Where the probate court did not collect fees at the time the petitioner filed guardianship and conservatorship petitions, the probate court had jurisdiction to order the payment of those fees at the end of the proceedings, the Michigan Court of Appeals has ruled.
The petitioner in In re Guardianship and Conservatorship of Pobanz (Docket No. 356546) argued, among other things, that the Huron County Probate Court lacked jurisdiction to collect the filing fees because it failed to require the fees when he filed the petitions.
The Court of Appeals disagreed.
“Under MCR 5.101(B), a probate court proceeding is commenced ‘by filing an application or a petition with the court,’” the Court of Appeals said. “Filing fees are not required to commence a probate court proceeding. The payment of the filing fees is not a jurisdictional requirement for probate cases. Therefore, the probate court had jurisdiction over this case.”
The Court of Appeals also held in its 11-page unpublished opinion:
Court of Appeals Judges Michelle M. Rick, Amy Ronayne Krause and Anica Letica were on the panel that issued decision. Judge Letica wrote a separate concurrence, emphasizing her agreement that the petitioner “owed the fees, including the accounting fee, which the court properly ordered him to pay after he had an opportunity to be heard.”
The petitioner filed guardianship and conservatorship petitions for his father, Larry Pobanz, with the Huron County Probate Court. The petitions stated that Larry suffered a stroke, could not move his right arm or leg, and could not speak. The conservatorship petition asserted that Larry could not enter rehab without certain paperwork, which could not be completed by the petitioner without a court order. Thereafter, Probate Judge David B. Herrington signed two orders granting the petitioner temporary conservatorship and guardianship of Larry.
In November 2019, Probate Judge David L. Clabuesch entered an order appointing a GAL for Larry. The GAL filed a written report stating that he tried, but was unable, to communicate with Larry. The GAL recommended that both petitions be granted. On December 3, 2019, the probate court held a hearing on the petitions. Judge Clabuesch entered orders appointing the petitioner as conservator and guardian of Larry. The judge also entered an order for the Huron County Probate Court to pay the GAL $234 for his services.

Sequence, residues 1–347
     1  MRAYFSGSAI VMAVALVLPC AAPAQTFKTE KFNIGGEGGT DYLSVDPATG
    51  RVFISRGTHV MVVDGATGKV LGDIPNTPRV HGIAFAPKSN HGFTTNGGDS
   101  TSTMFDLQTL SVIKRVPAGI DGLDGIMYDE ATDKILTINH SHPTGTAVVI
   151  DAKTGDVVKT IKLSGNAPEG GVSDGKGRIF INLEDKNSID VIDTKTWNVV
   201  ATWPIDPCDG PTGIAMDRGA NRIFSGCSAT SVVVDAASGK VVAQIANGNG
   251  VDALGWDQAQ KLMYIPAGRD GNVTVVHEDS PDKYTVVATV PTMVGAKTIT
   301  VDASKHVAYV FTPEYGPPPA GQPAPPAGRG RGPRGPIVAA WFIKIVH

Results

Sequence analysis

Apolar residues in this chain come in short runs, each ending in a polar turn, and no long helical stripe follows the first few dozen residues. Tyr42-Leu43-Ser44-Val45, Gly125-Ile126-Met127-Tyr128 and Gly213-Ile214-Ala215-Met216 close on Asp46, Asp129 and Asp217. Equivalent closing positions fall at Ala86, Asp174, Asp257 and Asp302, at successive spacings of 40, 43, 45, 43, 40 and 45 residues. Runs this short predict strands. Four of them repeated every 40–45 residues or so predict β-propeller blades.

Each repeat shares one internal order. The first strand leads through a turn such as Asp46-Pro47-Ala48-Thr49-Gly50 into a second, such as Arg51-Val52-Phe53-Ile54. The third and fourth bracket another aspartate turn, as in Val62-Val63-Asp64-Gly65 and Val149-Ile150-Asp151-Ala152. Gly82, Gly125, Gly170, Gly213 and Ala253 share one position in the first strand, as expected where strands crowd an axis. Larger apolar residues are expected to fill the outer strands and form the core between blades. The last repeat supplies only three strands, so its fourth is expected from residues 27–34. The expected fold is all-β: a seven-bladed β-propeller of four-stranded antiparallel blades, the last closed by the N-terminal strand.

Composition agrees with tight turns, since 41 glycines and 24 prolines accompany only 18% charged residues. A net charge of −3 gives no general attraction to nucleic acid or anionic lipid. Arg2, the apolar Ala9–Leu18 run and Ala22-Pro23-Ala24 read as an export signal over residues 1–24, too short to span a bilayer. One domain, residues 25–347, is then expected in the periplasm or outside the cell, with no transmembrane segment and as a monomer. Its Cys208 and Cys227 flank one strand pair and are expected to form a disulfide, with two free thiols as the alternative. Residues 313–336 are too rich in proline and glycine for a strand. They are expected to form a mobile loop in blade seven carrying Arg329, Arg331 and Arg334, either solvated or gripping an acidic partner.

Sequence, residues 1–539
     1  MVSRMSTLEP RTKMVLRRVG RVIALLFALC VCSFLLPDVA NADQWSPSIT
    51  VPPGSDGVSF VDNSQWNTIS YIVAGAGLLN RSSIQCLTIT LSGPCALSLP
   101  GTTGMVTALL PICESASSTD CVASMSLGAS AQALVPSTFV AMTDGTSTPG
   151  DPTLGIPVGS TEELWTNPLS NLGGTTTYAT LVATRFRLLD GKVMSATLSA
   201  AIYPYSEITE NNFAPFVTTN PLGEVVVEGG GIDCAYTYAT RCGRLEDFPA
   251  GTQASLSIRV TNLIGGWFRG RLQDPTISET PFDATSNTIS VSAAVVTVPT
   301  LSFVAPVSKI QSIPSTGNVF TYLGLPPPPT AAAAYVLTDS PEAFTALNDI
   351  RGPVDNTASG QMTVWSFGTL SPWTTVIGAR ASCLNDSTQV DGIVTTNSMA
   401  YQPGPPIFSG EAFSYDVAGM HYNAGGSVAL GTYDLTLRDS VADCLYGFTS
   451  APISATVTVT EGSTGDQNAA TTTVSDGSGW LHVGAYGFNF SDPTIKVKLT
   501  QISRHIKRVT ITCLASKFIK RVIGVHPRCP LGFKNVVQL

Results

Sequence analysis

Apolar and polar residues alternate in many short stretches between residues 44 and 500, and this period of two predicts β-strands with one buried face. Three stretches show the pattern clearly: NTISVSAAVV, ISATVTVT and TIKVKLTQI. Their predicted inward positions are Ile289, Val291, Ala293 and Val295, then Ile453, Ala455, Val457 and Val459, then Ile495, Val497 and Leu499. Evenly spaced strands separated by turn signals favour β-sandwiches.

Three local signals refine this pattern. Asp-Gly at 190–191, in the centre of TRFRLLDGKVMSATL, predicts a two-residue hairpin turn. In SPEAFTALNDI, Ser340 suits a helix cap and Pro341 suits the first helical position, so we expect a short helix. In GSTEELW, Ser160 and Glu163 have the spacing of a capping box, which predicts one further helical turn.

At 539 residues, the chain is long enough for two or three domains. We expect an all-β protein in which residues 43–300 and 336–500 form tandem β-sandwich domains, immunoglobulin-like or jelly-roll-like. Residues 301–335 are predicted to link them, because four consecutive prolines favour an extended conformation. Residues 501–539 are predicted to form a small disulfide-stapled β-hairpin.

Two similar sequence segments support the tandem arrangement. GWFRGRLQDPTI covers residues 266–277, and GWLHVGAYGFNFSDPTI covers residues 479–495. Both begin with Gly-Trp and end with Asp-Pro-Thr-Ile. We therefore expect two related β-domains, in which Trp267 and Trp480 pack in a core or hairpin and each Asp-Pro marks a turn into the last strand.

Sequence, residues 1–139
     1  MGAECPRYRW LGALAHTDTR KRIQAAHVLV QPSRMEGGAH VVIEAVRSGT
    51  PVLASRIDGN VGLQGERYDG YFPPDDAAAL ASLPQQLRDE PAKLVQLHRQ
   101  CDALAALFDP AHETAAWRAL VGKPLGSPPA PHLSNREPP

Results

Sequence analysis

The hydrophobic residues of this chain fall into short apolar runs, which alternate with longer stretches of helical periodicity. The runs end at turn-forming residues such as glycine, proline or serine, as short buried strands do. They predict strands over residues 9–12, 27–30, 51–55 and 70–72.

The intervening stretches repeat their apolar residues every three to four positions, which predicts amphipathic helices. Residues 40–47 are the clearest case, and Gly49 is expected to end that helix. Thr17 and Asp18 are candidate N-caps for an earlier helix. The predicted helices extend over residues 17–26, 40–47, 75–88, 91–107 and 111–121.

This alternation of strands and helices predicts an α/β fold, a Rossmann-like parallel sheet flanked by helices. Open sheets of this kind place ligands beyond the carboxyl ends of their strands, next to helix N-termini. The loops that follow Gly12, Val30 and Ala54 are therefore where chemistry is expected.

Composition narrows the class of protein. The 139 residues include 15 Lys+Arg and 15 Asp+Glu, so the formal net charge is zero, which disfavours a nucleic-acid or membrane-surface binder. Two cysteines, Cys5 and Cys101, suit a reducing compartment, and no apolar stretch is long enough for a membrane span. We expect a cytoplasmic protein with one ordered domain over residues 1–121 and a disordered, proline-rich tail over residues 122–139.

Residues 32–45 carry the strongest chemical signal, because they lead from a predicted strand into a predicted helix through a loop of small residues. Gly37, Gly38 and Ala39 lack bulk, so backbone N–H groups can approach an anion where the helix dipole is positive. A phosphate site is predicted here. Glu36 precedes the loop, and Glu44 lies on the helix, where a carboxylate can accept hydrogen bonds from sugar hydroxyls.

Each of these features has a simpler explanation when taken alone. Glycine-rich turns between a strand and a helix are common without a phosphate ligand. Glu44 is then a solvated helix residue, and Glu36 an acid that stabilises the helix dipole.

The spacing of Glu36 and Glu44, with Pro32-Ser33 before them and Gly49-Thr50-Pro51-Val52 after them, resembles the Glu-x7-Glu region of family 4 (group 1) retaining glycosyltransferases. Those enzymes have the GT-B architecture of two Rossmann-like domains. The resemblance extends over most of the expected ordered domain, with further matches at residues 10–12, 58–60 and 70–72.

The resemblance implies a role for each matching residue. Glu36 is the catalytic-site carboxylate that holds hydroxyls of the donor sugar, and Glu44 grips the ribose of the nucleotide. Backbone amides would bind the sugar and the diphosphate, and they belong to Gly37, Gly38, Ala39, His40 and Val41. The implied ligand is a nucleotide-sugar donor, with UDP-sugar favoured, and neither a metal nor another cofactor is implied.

The probate court reportedly sent the petitioner a statement in November 2020 indicating that Larry owed the following: 1) $150 in filing fees and $25 for electronic filing fees for the guardianship, 2) $150 in filing fees and $25 for electronic filing fees for the conservatorship and 3) $234 to reimburse the court for the fees it paid the GAL. The petitioner subsequently filed an account for the conservatorship and asserted the court clerk did not collect the $20 filing fee for the filing of the account.
On February 18, 2021, the probate court held a sua sponte hearing. At the hearing, the petitioner argued the probate court did not have jurisdiction to order the fees be paid because it did not collect the fees when he filed the petitions. The probate court, however, told the petitioner that it had a longstanding policy of waiting to collect guardianship and conservator fees. The petitioner also maintained that he did not agree to pay the GAL fees, which the probate court had determined were fair and reasonable. The petitioner argued the GAL was required to comply with MCL 700.3505(1) and that, because the GAL did not comply with statutory requirements, the probate court could not compensate the GAL. The probate court asked the GAL if it was his practice to ask wards in Larry’s condition about their assets and the GAL responded: “Not at all, your Honor. My main concern is to find out what their level of competency is and then if they are able to talk to find out what the wishes are about whether they want to have a guardian and conservator. And if they do, who they want it to be. I couldn’t get to any of those levels with [Larry] at that time.”
Accordingly, the probate court ordered that the petitioner pay $604 in fees.
On appeal, the petitioner first argued the probate court did not have jurisdiction because it did not collect the fees for the conservatorship or guardianship at the time of filing.
The Court of Appeals disagreed, noting the petitioner “has not provided any authority that supports his argument that the probate court’s failure to collect the filing fees deprived it of jurisdiction. Because petitioner has failed to adequately brief this issue, it is abandoned.”
Moreover, the petitioner’s argument “is meritless,” the Court of Appeals said, emphasizing that Larry resided in Michigan. “Therefore, the probate court had personal jurisdiction over Larry under MCL 700.5301b(1)(a) and MCL 700.5402(1)(a).”
The probate court also had subject-matter jurisdiction, the Court of Appeals explained. “Because this case involved a guardianship and conservatorship proceeding, the probate court had exclusive legal and equitable jurisdiction under MCL 700.1302(c).”
The probate court was not divested of jurisdiction because the filing fees were not paid when the petitions were filed, the Court of Appeals said. According to MCR 5.101(B), a probate court proceeding is commenced “by filing an application or a petition with the court,” the appeals court observed.